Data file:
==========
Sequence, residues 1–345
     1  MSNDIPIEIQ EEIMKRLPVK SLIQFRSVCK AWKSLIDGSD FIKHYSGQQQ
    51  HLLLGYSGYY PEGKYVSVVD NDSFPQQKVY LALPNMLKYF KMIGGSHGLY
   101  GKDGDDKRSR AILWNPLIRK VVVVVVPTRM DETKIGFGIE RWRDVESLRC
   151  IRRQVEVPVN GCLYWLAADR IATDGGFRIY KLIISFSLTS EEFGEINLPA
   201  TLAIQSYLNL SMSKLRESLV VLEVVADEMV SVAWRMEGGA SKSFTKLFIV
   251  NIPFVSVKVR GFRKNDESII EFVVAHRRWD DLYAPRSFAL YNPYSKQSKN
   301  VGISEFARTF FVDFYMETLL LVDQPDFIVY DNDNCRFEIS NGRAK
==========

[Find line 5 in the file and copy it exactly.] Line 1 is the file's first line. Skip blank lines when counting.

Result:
   151  IRRQVEVPVN GCLYWLAADR IATDGGFRIY KLIISFSLTS EEFGEINLPA